Jun 15 2016
parent reply data pulverizer <data.pulverizer gmail.com> writes:
On Wednesday, 15 June 2016 at 12:10:32 UTC, Seb wrote:
 As said you can avoid the copy (see below). I also profiled it 
 a bit and it was interesting to see that 50% of the runtime are 
 spent on generating the random matrix. On my machine now both 
 scripts take 1.5s when compiled with
I didn't benchmark the RNG but I did notice it took a lot of time to generate the matrix but for now I am focused on the BLAS side of things. I am puzzled about how your code works: Firstly: I didn't know that you could substitute an array for its first element in D though I am aware that a pointer to an array's first element is equivalent to passing the array in C.
 auto matrix_mult(T)(T[] A, T[] B, Slice!(2, T*) a, Slice!(2, 
 T*) b){
 	...
     gemm(Order.ColMajor, Transpose.NoTrans, Transpose.NoTrans, 
 M, N, K, 1., A.ptr, K, B.ptr, N, 0, C.ptr, N);
 	return C.sliced(M, N);
 }
Secondly: I am especially puzzled about using the second element to stand in for the slice itself. How does that work? And where can I find more cool tricks like that?
 void main()
 {
 	...
 	auto C = matrix_mult(ta[0], tb[0], ta[1], tb[1]);
 	sw.stop();
 	writeln("Time taken: \n\t", sw.peek().msecs, " [ms]");
 }
Many thanks!
Jun 15 2016
next sibling parent data pulverizer <data.pulverizer gmail.com> writes:
Oh, I didn't see that runif now returns a tuple.
Jun 15 2016
prev sibling parent reply Seb <seb wilzba.ch> writes:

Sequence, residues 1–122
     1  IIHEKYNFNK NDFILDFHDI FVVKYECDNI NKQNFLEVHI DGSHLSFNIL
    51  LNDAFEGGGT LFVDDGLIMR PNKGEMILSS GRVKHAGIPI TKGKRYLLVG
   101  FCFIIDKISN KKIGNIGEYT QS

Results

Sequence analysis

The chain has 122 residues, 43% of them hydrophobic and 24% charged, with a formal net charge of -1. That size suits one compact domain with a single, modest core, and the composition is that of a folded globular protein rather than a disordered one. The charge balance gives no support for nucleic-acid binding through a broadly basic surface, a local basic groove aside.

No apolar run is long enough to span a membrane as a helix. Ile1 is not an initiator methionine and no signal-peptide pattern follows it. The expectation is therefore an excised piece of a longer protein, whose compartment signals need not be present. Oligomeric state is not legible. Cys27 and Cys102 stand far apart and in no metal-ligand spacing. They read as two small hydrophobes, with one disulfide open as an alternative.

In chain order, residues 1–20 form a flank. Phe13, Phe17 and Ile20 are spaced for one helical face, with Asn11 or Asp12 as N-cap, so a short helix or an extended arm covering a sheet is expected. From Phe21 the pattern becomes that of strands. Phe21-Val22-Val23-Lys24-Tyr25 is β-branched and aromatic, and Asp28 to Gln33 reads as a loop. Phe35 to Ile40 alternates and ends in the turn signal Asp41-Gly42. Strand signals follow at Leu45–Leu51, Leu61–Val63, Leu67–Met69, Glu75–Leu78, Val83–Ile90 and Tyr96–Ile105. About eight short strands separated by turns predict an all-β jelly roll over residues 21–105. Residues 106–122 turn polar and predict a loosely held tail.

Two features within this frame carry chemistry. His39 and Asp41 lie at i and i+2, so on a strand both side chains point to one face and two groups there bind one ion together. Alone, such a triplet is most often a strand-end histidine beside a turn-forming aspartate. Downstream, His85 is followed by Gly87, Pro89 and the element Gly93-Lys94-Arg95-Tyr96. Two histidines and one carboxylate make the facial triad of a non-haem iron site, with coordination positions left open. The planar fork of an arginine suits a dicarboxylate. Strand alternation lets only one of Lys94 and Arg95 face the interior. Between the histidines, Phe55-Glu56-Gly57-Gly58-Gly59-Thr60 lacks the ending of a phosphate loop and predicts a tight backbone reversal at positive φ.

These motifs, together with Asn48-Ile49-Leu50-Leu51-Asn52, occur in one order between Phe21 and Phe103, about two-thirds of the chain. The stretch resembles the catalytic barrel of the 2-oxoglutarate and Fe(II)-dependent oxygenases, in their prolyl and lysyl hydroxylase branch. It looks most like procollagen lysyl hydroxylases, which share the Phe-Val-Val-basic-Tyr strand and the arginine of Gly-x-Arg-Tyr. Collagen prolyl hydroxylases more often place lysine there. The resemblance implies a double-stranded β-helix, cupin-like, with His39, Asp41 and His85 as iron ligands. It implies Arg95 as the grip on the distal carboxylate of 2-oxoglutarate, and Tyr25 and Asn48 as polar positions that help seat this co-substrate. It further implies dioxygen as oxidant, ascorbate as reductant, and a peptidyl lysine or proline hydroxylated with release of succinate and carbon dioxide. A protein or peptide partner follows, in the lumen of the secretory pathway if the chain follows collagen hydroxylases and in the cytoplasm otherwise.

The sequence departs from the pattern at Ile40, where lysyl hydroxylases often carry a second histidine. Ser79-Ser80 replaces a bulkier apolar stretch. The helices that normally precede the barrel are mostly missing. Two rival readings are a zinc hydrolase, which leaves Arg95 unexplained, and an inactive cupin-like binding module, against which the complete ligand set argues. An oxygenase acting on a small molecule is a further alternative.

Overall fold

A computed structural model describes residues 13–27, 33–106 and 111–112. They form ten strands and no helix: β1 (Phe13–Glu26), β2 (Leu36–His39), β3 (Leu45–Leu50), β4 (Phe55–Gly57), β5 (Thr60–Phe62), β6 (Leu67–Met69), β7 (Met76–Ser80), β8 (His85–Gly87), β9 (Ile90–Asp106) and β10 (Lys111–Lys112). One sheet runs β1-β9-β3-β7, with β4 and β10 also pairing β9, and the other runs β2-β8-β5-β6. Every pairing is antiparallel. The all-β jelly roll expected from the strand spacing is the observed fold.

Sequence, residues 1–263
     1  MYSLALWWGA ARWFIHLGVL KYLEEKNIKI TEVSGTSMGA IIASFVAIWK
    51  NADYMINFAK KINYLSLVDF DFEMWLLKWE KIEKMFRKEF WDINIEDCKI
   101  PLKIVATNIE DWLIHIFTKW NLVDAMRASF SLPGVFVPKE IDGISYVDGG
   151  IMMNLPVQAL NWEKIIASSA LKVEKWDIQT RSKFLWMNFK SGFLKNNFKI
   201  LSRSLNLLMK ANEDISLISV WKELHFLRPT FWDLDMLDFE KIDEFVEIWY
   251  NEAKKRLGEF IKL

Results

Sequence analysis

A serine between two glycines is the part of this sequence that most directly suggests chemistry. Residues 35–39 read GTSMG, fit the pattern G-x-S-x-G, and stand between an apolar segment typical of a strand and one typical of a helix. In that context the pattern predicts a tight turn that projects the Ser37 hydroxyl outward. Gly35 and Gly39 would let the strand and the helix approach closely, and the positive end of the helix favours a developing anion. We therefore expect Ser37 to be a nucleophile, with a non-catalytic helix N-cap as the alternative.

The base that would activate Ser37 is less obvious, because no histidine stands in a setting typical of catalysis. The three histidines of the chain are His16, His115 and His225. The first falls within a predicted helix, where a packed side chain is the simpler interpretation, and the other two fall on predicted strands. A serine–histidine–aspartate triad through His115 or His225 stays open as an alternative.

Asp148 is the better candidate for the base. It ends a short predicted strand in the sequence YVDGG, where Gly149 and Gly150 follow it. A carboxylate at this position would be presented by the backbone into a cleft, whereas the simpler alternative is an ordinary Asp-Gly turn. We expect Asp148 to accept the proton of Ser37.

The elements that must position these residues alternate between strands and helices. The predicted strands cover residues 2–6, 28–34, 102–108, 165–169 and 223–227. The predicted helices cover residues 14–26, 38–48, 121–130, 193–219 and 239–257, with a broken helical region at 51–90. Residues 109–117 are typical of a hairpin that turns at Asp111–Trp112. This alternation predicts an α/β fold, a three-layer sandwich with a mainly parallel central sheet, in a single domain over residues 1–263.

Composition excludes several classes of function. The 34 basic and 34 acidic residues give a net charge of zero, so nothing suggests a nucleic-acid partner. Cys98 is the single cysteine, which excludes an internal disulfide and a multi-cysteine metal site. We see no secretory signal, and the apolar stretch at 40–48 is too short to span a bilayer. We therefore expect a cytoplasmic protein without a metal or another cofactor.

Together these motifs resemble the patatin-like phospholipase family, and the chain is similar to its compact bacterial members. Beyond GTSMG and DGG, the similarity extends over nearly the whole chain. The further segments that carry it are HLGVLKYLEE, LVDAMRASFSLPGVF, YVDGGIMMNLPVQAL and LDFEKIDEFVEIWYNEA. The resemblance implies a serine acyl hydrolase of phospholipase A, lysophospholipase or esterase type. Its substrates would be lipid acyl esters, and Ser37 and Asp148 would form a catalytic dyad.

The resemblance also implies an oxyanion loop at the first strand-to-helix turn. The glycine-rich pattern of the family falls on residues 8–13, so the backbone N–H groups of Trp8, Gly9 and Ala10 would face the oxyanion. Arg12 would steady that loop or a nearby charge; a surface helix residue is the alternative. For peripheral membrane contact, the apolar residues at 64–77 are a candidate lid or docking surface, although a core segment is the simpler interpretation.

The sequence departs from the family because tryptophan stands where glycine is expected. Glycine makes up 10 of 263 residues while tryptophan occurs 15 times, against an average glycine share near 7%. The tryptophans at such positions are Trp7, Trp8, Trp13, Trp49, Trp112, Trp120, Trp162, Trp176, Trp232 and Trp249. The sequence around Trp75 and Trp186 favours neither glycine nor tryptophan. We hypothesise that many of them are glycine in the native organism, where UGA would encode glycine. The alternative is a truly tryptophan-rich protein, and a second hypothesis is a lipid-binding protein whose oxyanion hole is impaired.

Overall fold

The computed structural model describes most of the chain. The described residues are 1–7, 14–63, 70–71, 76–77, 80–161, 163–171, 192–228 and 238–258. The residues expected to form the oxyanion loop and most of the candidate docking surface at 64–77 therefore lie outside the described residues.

On Wednesday, 15 June 2016 at 13:13:05 UTC, data pulverizer wrote:
 On Wednesday, 15 June 2016 at 12:10:32 UTC, Seb wrote:
 As said you can avoid the copy (see below). I also profiled it 
 a bit and it was interesting to see that 50% of the runtime 
 are spent on generating the random matrix. On my machine now 
 both scripts take 1.5s when compiled with
I didn't benchmark the RNG but I did notice it took a lot of time to generate the matrix but for now I am focused on the BLAS side of things. I am puzzled about how your code works: Firstly: I didn't know that you could substitute an array for its first element in D though I am aware that a pointer to an array's first element is equivalent to passing the array in C.
 auto matrix_mult(T)(T[] A, T[] B, Slice!(2, T*) a, Slice!(2, 
 T*) b){
 	...
     gemm(Order.ColMajor, Transpose.NoTrans, Transpose.NoTrans, 
 M, N, K, 1., A.ptr, K, B.ptr, N, 0, C.ptr, N);
 	return C.sliced(M, N);
 }
You wrote that too :-) For more infos see: https://dlang.org/spec/arrays.html However that's very dangerous, so use just slices wherever you can.
 Secondly:
 I am especially puzzled about using the second element to stand 
 in for the slice itself. How does that work? And where can I 
 find more cool tricks like that?

 void main()
 {
 	...
 	auto C = matrix_mult(ta[0], tb[0], ta[1], tb[1]);